By Monica De Leon
Efraín Forero Fonseca is the President of Davivienda bank, based in Colombia, and a prominent figure in the financial sector in Latin America and the Caribbean. He has made his career in Grupo Bolívar, the umbrella group under which Davivienda belongs, with a successful business model that promotes the development of the countries in which it operates.
Last May, U.S. Vice President Kamala Harris helped launch a call to action to the private sector to boost investments in the Northern Triangle area of Central America—El Salvador, Guatemala, and Honduras. The initiative aims to promote economic development, leveraging private and public resources as well as partnerships with multilateral development banks. This commitment included 12 companies. One of them was Davivienda, an IFC client.
In this interview, edited for length and clarity, Forero talks about the importance of partnerships in spurring more private sector investment in Central America.
Q: You have a strong track record in forging partnerships throughout your career. Do you recall your first partnership?
A: Since the beginning of my career, a little more than 40 years ago, in Grupo Bolívar, I have always relied on teamwork and alliances. I remember when I first started working in the insurance company that was part of the group. I was eager to find synergies between the work done by the different institutions within the group in order to come up with solutions with much greater added value to our clients. This is an increasingly relevant approach in our organization and has become a competitive attribute of Grupo Bolívar.
Q: What kind of partnerships have been successful in increasing financial inclusion, and how have those partnerships helped you make an even greater impact?
A: Davivienda's purpose of being able to reach the most vulnerable groups has always been catalyzed by strategic alliances. Many years ago, we understood that we, from a strategic point of view, needed to develop skills to be able to partner with third parties to have a much greater impact, meet our objectives, and serve our customers better.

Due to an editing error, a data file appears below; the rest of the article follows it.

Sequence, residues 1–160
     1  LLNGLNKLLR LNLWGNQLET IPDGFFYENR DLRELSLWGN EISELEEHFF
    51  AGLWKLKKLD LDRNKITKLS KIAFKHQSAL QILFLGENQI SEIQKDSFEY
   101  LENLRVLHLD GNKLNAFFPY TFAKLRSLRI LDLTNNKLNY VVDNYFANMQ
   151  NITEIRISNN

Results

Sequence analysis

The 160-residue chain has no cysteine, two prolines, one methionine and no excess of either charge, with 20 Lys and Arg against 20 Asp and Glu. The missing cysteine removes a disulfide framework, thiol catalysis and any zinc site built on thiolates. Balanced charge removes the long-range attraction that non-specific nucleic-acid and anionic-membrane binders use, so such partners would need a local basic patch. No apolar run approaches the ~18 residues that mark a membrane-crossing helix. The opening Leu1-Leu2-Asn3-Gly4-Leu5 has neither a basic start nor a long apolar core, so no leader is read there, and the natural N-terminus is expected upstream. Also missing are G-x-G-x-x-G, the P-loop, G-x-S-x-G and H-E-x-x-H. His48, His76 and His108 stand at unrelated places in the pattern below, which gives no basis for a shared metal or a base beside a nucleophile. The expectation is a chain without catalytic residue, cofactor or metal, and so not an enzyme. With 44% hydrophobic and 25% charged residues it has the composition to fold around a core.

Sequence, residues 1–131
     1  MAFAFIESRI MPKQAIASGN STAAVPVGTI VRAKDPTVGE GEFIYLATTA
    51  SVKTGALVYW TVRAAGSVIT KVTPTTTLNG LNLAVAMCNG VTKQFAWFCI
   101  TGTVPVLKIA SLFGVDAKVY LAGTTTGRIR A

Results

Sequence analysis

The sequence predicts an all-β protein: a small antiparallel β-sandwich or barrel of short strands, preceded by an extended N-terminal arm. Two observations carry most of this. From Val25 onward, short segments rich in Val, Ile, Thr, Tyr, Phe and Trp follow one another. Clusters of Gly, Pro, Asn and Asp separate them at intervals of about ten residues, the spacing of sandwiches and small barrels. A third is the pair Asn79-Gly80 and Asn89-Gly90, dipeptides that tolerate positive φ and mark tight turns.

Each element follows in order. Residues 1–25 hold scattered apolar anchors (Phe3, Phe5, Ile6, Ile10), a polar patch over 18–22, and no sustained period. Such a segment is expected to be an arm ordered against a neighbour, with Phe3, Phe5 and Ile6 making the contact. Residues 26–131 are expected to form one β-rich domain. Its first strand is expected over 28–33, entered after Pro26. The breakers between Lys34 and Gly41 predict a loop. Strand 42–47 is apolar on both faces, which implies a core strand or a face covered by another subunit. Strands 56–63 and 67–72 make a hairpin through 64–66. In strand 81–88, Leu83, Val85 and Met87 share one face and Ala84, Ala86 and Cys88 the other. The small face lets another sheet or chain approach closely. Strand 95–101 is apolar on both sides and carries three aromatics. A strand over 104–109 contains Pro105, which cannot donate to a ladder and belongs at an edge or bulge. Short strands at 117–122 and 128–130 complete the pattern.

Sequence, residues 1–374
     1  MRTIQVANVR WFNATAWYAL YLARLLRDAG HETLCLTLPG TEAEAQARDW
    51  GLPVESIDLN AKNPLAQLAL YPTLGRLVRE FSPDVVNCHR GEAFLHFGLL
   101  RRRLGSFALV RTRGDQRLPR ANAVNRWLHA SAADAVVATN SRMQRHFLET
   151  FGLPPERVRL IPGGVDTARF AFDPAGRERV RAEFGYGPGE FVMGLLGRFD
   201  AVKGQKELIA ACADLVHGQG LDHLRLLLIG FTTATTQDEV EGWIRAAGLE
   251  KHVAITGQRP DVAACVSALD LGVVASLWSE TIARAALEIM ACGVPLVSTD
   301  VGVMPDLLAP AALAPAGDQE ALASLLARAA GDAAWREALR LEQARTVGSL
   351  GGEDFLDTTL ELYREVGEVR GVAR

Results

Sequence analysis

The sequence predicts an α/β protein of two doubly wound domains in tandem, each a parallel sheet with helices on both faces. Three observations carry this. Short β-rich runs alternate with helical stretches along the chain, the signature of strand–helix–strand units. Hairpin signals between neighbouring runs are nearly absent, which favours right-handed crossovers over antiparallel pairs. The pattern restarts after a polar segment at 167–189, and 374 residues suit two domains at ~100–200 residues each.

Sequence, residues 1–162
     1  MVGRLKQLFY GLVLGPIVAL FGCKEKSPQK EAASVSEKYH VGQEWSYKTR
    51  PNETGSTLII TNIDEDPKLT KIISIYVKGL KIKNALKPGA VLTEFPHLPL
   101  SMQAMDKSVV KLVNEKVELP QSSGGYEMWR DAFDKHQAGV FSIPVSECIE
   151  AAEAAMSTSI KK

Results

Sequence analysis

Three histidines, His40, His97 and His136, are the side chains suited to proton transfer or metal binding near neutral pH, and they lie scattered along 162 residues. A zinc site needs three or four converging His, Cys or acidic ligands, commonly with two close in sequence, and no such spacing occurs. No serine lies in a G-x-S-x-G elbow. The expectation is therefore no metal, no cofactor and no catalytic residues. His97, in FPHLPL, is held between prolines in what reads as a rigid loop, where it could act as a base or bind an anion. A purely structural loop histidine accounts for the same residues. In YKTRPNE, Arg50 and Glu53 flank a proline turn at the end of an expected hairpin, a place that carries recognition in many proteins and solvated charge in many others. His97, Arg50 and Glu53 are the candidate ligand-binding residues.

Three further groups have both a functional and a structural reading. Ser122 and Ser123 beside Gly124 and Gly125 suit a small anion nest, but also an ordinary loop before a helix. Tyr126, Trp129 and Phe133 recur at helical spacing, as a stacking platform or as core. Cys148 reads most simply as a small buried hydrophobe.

In the last 10 years, we have been working in alliance with technology and innovation companies in California, Singapore, China, London, Spain, and India. For example, by partnering with Pay Key, an Israeli company, we became the first institution in Colombia to offer the possibility of making transfers through cell phones.
We have also been successful in establishing very valuable alliances with the [Colombian] government. The delivery of subsidies for low-income families could not be possible in Colombia without the private sector. Coordination with banking institutions like Davivienda was fundamental to be able to deliver the help effectively.
With the municipality of Medellin, we made available a financial application that allows users of the Medellin metro to make all kinds of transfers and transactions. Soon, the city will be able to provide other services to the population, related to things such as health, culture, entertainment, and, in a way, security.
Efraín Forero speaks to an entrepreneur during the 2015 Hackathon, held by the Davivienda group in Israel. Photo courtesy: Davivienda.
Q: What makes a partnership work?